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Spray painting and powder coating

Hazard, Risk and Remedy information adapted from Safe Work Australia material. Definition of Spray Painting and Powder Coating may not represent a legal definition.

Powder coating is a process by which electrostatically charged powder is applied onto an earthed object. Spray painting, including electrostatic spray painting, is a process by which liquid paint is applied under pressure to an object. Spray painting may be carried out by hand or automatically. There are several methods used to atomise the paint for spraying:

  • Using a conventional air compressor – air is driven across the mouth of a small outlet under pressure to draw liquid paint out of the container and produce an air-paint mist from the nozzle of the spray-gun
  • Airless spray painting – the paint container is pressurised pushing the paint to the nozzle where it is atomised by the spray gun, or
  • Electrostatic spray painting – an electric pump drives the electrostatically charged liquid in general.

Substances viewed as hazardous with spray painting are paints, solvents, lead, powders, lacquers, paint removers, resins, adhesives, degreasers, surface preparation products, rust converters, rust removers and dust.

Many hazards include but aren't limited to; chemical exposure, fire and explosions, confined spaces, machinery and equipment, working at heights, manual tasks, electricity or static electricity, heat or high humidity and noise.

Risks

Numerous risks exist for workers involved in spray painting and powder coating activities due to the afore-mentioned hazards, these include but aren't limited to; dermatitis, respiratory illnesses, cancer, chemical burns and fatalities resulting from exposure to projectiles from an explosion, injuries from moving parts of machinery, electric shock, heat exposure and hearing damage amongst many more.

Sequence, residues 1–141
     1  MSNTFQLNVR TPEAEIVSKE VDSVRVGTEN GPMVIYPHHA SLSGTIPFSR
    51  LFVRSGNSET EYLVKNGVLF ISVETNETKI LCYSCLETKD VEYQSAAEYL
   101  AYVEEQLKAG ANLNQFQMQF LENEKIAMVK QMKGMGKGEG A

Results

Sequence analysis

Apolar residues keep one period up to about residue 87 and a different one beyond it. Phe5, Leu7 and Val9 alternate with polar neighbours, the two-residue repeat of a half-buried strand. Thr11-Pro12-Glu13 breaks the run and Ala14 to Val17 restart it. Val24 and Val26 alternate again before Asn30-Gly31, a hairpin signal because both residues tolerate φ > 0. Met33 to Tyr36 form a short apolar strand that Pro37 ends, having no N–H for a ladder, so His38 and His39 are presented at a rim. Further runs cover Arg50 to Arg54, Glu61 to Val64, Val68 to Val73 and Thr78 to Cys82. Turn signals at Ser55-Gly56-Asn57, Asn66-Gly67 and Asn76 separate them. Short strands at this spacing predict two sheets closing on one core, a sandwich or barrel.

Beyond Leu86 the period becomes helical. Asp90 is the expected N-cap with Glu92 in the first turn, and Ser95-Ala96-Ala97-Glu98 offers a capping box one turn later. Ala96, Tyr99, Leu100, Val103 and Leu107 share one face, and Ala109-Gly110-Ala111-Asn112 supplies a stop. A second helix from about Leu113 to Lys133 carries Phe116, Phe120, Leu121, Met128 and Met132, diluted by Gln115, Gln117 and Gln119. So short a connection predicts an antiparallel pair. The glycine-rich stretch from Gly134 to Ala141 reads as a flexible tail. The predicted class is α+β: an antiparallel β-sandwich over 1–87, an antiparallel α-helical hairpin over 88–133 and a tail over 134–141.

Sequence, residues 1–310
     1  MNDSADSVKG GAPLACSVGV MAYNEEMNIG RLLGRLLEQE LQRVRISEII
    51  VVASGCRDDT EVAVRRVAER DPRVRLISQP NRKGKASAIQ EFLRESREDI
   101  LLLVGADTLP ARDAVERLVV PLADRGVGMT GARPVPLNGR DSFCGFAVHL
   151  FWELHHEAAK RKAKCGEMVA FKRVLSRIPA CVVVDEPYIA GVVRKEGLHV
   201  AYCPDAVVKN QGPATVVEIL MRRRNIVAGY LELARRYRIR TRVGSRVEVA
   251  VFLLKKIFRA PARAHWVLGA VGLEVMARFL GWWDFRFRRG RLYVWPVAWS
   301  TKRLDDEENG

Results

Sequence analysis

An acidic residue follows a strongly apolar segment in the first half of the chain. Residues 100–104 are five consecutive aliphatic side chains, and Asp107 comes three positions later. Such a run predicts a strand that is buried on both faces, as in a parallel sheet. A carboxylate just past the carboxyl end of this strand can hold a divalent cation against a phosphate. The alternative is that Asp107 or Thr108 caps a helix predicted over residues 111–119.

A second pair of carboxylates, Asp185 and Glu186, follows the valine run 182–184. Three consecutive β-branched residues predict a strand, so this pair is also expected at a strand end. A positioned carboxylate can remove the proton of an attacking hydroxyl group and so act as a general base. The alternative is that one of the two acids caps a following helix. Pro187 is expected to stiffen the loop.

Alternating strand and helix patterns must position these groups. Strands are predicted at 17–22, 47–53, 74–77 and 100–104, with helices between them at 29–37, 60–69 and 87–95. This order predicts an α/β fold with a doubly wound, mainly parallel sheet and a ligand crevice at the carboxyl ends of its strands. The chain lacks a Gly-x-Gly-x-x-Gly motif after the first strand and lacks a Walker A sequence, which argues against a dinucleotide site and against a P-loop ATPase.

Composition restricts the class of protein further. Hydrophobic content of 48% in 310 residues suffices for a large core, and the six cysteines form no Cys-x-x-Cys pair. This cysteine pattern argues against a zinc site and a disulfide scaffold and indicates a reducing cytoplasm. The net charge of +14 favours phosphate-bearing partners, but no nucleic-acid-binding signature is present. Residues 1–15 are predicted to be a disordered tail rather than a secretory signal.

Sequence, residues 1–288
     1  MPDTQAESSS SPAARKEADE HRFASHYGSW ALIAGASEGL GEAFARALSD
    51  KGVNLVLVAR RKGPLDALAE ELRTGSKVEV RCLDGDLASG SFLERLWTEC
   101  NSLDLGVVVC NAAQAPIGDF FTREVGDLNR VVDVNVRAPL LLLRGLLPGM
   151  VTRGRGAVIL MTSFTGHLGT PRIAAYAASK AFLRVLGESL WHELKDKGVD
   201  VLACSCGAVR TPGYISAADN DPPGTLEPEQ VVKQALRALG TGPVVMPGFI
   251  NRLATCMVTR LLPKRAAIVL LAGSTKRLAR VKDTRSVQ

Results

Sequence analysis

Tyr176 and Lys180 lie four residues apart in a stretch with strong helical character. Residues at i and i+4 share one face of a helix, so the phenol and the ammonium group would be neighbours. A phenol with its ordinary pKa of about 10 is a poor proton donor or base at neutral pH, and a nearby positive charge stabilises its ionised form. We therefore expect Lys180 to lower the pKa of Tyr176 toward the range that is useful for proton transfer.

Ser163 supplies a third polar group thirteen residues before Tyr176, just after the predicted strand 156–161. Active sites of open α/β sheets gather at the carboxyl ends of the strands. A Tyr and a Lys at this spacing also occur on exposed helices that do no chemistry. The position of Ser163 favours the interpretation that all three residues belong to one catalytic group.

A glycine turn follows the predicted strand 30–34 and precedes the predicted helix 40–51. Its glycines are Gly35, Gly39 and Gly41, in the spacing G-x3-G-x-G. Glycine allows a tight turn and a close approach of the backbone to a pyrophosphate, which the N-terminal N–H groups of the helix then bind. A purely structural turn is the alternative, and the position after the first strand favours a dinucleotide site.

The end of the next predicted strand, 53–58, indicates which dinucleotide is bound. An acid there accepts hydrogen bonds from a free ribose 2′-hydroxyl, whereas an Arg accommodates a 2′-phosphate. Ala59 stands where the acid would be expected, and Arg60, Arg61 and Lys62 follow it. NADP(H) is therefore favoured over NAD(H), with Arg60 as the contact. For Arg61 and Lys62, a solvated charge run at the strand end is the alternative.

Remedy

The WHS Regulations require a person conducting a business or undertaking to 'manage risks' associated with specific hazards, including noise, hazardous chemicals, plant and electricity. It is important when considering undertaking spray painting or powder coating work to perform a targeted hazard identification and risk assessment via an approved process (see tools below). It's best this is done in conjunction with professional regulatory and legal advice.

Resources

Information SourceContents
Code of Practice - How to Manage Work Health and Safety RisksThis code provides practical guidance for persons who have duties under the WHS Act and Regulations to manage risks to health and safety.
Code of Practice - Spray Painting and Powder CoatingThis code provides practical guidance for persons who have duties under the WHS Act and Regulations to manage risks to health and safety involving spray painting and powder coating
Code of Practice - Managing Risks of Hazardous Chemicals in the WorkplaceSpecific risk management strategy for focusing on risks associated with hazardous chemicals
UK Health & Safety Executive - Controlling exposure to coating powders

UK Health & Safety Executive - Safety in motor vehicle repair

UK Health & Safety Executive - Guidance on working with 2-pack isocyanate paints

General information on managing risks associated with spray painting and powder coating

Notifications

Information sourceWhat it contains
Incident notification - Part 3, Section 35 to 37 of the Work, Health and Safety Act 2011The legislative requirements for incident notification to Comcare
Comcare - Guide to incident notificationHelps you decide whether you need to notify Comcare of an injury, illness or dangerous incident under the WHS Act
Comcare – Guide to lead risk work notificationsA guide on obligations for notifying lead-risk work for agencies and licensees governed under Commonwealth WHS legislation
Page last updated: 31 Mar 2016